11.-25.03.2012: San Andrés Xecul - Momostenango - Zunil - Quetzaltenango - Huehuetenango - El Cable

Click on a photo to enlarge it.

Back onto the Panamerican Highway, we managed to get up to the Alaska Pass at 3,015m high (9950 ft) without a problem. But the roadway was damaged by landslides and various parts of it were gravel and not tarmac.

We parked in the courtyard at a hotel in Cuatro Caminos for three nights and used that as a base to explore the area. Our first stop was at San Andrés Xecul. We took a chicken bus which is how the buses are called for a short ride and then transferred to the back of a pick up truck (another form of public transport here) for the rest of the journey.

We were dropped off right at the church although we didn't realise it because it's very bright yellow façade was on the other side of the building. It's as if the church is surrounded by a black and white area with the only colour on the church. The photo from high up in the town looks as if we have pasted the church onto it!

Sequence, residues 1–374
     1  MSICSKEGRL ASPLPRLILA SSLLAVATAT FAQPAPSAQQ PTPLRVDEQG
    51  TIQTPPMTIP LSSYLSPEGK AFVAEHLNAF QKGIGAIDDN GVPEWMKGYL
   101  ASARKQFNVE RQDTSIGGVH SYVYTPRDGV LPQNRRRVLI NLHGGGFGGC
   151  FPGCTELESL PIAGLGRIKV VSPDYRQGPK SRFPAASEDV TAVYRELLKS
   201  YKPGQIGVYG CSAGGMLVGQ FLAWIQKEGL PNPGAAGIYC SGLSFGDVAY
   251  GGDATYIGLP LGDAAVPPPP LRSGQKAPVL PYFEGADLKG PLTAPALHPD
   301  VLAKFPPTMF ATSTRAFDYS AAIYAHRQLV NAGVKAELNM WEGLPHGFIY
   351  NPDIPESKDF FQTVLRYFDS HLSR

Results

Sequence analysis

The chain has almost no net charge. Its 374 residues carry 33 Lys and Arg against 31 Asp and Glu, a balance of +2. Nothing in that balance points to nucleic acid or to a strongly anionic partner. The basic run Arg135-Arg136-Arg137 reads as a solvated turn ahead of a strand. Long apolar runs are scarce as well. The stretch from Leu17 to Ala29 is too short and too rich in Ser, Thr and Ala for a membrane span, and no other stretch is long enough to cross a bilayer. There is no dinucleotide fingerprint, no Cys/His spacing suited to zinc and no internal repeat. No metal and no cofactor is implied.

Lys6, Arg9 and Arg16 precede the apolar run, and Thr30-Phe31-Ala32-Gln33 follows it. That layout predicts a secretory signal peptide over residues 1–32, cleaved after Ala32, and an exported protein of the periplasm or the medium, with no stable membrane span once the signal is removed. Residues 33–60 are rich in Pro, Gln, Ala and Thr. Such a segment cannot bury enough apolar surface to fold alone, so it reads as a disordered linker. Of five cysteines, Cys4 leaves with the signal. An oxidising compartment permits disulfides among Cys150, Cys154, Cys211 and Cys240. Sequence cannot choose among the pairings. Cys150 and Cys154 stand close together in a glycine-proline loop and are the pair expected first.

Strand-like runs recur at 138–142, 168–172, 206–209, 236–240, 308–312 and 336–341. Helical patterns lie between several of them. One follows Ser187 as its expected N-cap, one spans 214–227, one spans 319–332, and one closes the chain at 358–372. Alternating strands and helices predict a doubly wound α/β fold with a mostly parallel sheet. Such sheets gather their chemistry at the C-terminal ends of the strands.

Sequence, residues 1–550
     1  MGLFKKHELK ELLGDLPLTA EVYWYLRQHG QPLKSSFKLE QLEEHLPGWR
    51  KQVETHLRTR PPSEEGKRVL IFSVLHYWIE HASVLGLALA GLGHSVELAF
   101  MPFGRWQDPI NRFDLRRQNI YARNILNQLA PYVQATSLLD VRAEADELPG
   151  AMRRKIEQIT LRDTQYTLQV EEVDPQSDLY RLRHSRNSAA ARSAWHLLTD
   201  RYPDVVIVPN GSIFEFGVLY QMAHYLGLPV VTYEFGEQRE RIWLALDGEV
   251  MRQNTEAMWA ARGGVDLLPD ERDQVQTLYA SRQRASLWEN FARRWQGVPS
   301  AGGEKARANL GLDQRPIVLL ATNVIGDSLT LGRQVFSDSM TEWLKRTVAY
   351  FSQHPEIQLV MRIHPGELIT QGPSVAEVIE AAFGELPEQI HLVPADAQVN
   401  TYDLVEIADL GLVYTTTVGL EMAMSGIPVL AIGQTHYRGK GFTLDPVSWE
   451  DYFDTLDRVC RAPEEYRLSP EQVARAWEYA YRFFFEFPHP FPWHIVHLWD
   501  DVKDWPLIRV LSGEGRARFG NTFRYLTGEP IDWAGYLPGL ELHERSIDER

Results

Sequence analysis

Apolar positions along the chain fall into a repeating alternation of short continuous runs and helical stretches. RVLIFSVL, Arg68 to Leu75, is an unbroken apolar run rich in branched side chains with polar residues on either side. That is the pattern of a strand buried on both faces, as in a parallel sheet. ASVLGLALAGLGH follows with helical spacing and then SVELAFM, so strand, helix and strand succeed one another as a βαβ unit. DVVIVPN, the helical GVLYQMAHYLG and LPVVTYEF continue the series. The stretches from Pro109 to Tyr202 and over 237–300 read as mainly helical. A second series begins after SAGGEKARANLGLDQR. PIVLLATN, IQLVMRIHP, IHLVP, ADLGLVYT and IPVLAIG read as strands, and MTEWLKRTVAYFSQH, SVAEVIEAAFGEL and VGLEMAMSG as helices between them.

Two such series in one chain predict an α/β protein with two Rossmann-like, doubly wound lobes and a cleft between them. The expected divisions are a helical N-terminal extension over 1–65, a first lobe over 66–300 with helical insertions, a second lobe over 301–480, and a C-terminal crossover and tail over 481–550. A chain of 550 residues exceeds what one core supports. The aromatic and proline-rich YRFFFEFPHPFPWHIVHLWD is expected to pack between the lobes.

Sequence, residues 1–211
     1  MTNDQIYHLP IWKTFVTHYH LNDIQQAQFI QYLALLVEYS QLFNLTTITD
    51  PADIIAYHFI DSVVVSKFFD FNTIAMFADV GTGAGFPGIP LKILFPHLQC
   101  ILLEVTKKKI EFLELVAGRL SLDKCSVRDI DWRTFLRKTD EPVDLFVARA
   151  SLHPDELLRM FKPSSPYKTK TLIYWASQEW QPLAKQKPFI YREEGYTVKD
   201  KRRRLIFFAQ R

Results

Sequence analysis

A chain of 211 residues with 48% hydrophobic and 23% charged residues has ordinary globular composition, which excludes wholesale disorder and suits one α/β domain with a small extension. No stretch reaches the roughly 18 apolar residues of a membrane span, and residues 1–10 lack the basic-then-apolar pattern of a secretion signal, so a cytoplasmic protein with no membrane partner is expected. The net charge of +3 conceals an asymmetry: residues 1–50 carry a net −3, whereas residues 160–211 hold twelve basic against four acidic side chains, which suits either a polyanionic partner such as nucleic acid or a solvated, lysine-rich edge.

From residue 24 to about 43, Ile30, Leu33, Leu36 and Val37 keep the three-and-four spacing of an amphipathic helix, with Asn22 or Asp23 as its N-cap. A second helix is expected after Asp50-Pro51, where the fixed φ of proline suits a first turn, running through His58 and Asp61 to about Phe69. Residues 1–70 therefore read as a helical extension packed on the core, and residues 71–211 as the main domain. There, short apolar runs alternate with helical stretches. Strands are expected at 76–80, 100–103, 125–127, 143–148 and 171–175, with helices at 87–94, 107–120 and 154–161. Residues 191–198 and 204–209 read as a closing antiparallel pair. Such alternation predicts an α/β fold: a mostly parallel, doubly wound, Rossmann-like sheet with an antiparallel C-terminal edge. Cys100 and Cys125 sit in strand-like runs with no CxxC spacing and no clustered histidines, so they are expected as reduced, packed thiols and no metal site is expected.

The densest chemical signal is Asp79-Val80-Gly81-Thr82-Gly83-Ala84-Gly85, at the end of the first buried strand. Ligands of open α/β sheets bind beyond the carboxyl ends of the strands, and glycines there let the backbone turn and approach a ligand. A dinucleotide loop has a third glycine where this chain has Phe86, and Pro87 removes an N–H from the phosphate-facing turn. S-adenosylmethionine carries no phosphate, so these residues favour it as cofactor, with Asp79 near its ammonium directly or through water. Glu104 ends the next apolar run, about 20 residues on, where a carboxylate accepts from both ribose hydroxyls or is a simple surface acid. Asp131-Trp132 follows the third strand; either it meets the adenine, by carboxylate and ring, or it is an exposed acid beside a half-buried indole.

The façade is quite bizarre with technicolour saints, angels, flowers and climbing vines which share space with whimsical tigers and monkeys on its shocking yellow background. We also walked up extremely steep streets to another brightly coloured church and a view over the town.

We walked back down and noticed all the hanging wool bails in their natural colour which is off-white. We asked a local man transporting the coloured wool bails and we believe they get the raw untreated wool brought in to this town which specialises in drying it and then dyeing it into all the various bright colours. It is then transported to the market at Totonicapan to be sold on the market or to businesses who make rugs, ponchos and other clothes.